WDH / ROUNDUP: ‘Eta’ storms in Florida – search for victims in Guatemala ended


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MIAMI (dpa-AFX) – The tropical storm “Eta” caused floods in the south of the US state of Florida and Cuba after its devastating passage through Central America. In the metropolitan area around Miami, on Monday, he flooded neighborhoods and uprooted trees, as the news channel NBC reported.

More than 11,000 households were therefore temporarily without electricity. The west of the nearby Caribbean state of Cuba also got a lot of rain. There were initially no reports of injuries or deaths from either country.

The total number of confirmed deaths in six Central American countries plus Mexico has meanwhile increased to more than 150 – the majority in Honduras and Guatemala. These numbers are likely to increase significantly: In the Guatemalan village of Quejá, which was spilled by a landslide, the army broke off the rescue operation on Tuesday, as a spokesman for the community of San Cristóbal Verapaz said when asked. Around 100 bodies are suspected there. The search for them could not go on, according to the information because of the risk of further landslides.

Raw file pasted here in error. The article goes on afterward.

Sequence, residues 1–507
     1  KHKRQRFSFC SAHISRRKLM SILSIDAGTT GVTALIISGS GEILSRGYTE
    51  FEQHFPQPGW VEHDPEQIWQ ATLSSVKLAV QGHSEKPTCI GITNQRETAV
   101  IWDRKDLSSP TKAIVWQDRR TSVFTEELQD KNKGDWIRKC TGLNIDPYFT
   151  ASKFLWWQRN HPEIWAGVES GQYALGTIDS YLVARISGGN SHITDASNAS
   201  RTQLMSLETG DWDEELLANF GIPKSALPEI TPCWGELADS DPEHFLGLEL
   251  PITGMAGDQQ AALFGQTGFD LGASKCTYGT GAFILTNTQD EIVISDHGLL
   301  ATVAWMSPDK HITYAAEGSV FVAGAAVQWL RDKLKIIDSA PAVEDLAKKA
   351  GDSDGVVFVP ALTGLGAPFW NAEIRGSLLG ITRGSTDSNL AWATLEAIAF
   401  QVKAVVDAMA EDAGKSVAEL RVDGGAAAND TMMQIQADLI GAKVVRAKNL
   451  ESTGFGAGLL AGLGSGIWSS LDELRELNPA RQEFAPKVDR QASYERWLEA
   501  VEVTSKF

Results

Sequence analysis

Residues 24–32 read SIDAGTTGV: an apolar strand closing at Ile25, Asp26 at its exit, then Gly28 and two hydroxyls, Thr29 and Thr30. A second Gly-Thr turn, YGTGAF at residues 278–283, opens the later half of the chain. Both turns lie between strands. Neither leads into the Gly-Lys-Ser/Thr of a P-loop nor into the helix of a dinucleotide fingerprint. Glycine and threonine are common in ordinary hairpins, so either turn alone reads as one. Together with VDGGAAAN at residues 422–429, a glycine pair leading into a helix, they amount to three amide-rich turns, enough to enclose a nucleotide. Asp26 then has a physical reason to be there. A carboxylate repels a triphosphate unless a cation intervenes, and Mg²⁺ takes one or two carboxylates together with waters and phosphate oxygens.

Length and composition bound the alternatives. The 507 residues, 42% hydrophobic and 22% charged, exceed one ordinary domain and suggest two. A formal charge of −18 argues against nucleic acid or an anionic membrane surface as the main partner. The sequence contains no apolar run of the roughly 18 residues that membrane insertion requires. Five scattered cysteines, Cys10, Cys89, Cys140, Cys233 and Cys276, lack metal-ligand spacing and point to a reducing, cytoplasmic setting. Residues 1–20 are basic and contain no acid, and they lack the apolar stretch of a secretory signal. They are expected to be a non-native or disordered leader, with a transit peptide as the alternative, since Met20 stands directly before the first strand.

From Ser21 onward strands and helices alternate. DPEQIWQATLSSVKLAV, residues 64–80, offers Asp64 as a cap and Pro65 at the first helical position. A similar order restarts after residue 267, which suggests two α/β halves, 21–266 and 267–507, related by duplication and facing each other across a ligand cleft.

“Eta” hit the coast of Nicaragua as a hurricane last Tuesday. It later weakened to a tropical storm with winds of less than 118 kilometers per hour, but still devastated areas in several countries. Millions of people were affected, many lost their homes. On Sunday, the storm moved with heavy rain over Cuba and hit land on the Florida Keys island chain in the USA.

According to the US hurricane center, “Eta” paused on Tuesday around 100 kilometers northwest of Cuba. It is expected that the storm will move further north towards the USA in the evening (local time) and gain some strength again.

Meanwhile, the subtropical cyclone “Theta” formed over the Atlantic Ocean. It was the 29th storm that year strong enough to get a name – a record according to US media reports.

In this year’s hurricane season in the Atlantic, which lasts from June to November, so many strong storms have formed that the 21 designated names have long been used up. The meteorologists therefore resorted to the Greek alphabet, which was last necessary in 2005./nk/DP/stw


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